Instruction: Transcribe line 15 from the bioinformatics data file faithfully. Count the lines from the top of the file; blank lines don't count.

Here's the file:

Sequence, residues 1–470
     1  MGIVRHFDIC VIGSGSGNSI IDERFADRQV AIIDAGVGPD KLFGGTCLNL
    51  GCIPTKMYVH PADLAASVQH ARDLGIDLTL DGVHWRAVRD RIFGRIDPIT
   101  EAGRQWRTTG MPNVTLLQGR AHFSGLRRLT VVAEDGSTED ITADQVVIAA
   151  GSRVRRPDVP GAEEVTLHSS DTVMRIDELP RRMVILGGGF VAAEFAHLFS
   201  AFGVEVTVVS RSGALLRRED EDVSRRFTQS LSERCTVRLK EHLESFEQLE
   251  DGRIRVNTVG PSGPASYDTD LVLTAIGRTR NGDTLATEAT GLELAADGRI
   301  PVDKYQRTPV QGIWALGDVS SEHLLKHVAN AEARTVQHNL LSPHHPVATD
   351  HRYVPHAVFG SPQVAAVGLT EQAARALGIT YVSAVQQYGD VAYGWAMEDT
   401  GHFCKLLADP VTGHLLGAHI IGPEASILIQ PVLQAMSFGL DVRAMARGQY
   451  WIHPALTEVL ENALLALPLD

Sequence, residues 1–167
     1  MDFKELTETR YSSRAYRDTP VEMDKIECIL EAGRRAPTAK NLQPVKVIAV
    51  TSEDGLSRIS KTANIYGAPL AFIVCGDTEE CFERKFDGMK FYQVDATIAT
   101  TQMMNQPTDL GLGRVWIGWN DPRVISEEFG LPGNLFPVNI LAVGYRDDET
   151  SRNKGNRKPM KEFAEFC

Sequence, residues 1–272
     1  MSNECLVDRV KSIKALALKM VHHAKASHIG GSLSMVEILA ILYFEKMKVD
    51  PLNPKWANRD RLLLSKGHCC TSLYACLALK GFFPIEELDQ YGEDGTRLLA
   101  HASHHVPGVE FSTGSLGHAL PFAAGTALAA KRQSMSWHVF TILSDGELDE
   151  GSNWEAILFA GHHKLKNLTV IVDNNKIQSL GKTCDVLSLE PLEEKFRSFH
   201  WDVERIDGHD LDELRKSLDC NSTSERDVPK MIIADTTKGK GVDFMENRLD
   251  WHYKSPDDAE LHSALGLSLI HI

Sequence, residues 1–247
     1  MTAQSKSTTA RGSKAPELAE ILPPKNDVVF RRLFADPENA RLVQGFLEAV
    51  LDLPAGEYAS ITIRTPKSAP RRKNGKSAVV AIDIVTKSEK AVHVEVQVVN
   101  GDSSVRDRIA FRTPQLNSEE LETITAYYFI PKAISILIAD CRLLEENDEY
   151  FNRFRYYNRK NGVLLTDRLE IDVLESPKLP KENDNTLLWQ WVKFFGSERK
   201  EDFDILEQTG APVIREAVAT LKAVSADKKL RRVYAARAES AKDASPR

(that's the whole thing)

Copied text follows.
   101  TQMMNQPTDL GLGRVWIGWN DPRVISEEFG LPGNLFPVNI LAVGYRDDET